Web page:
Rob Tucker founded his law firm in 1992; his daughter Erin joined him as an attorney in the practice in June of 2015. Last month I quizzed Rob about how that’s working out, and he had nothing but good things to say about what his daughter has added to the firm:
She’s a genuinely nice person
She’s a hard worker
She respects his knowledge and experience
She’s a creative thinker
She keeps up on the myriad changes in the law
She’s an excellent writer
And she’s fun
Not too shabby. But, I wondered, what would Erin have to say about dad?
Since she’s his daughter, obviously Erin would have had ample time to develop opinions anyway, but in Erin's case, she's had more than the usual opportunities to get to know her father. That's because Erin started helping out at Tucker Law when she was just a kid. As soon as she learned to use a computer keyboard, Rob gave her interrogatories to type at home so that she could practice her typing skills. Soon Erin began working in the office part-time and summers doing clerical work. Rob even let her sit in on a trial with him so she could see how a case is developed from beginning to end: case development, discovery, witness preparation, exhibit handling and trial presentation.
With all that experience and exposure, you’d think that Erin would have had being an attorney in her sights from a very early age. You’d be wrong.
Erin didn’t want to follow in her dad’s footsteps. She wanted to strike out on her own path, carve her own niche in the world, so instead Erin studied business management, earning a bachelor's degree while at the same time working full time at Wells Fargo at night. Whew!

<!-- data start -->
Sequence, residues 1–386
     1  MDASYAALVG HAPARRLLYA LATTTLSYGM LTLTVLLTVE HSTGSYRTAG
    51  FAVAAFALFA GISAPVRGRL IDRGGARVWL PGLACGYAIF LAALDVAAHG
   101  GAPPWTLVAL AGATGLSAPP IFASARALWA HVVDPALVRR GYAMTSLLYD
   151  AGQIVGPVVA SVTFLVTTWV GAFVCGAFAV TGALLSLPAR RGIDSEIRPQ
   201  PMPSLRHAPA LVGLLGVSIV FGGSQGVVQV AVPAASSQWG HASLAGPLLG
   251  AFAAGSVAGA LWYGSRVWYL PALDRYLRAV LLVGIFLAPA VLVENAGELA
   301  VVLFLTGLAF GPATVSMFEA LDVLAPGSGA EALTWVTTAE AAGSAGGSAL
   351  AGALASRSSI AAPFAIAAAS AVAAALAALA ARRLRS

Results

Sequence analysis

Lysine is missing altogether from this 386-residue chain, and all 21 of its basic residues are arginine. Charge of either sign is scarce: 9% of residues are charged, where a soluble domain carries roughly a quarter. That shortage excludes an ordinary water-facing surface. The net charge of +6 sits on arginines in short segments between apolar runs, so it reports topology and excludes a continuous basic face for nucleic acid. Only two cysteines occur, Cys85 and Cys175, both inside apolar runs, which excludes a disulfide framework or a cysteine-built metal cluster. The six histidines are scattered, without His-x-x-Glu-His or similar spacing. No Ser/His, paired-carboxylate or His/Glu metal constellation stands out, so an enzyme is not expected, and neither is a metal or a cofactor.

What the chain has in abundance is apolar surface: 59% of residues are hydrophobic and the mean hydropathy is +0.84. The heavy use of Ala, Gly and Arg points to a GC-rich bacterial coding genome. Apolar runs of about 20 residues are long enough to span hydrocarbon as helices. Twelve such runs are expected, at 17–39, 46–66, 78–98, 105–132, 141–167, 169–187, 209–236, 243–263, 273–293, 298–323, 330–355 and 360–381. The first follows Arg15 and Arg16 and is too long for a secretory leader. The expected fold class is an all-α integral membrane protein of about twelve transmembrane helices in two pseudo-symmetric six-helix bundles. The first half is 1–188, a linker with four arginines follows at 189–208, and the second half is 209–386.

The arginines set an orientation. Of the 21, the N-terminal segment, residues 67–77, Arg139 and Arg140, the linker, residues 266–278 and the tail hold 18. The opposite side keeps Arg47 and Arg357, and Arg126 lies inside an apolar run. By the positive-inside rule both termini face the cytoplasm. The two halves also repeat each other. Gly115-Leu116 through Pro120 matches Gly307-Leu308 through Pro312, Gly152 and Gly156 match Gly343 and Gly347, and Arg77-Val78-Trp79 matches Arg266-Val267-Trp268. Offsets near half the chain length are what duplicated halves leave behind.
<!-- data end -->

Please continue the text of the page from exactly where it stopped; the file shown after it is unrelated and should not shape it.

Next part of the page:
Erin had no intention of studying the law. No way, no how, not going to do it.
As it turned out, though, Erin didn’t find working in a large corporation terribly fulfilling, and so — almost on a flier — she applied to attend law school. She wasn’t taking the prospect very seriously, though, because she figured her chances of getting accepted were slim and none. She hadn’t, as many do, geared her undergraduate education toward law school acceptance, her bachelor’s wasn’t from a prestigious university and she hadn’t concentrated any effort on building a law school application resume.
To her great surprise she was accepted into Florida Coastal School of Law in Jacksonville.
Despite having decided not to study law, Erin found that it came naturally. No wonder, since she’d been in and around it for as long as she can remember. Erin not only excelled in law school, but graduated eleventh out of a class of 546 students. She passed the Florida Bar Exam in 2013 and worked for a sole practitioner in employment law for about a year. But then she thought, “Hey wait! I could be working with my dad!”
Thus the father-daughter team at Tucker Law was born. And so what does Erin have to say about working with her dad?
Erin can’t imagine herself working with anyone else. She appreciates that her father is willing to embrace new ideas, allowing her to pursue creative strategies based on the latest changes in the law. Erin finds her dad's decades of experience invaluable to her as a new lawyer, and she's grateful that she can seek his support and advice as often as she needs to. Erin's other significant strength, she believes, is her ability to remain calm in virtually any situation, whereas her dad is more demonstrative — a yin to his yang. All in all, she's convinced there isn't anyone else she could work with and make such a good team as the two of them do.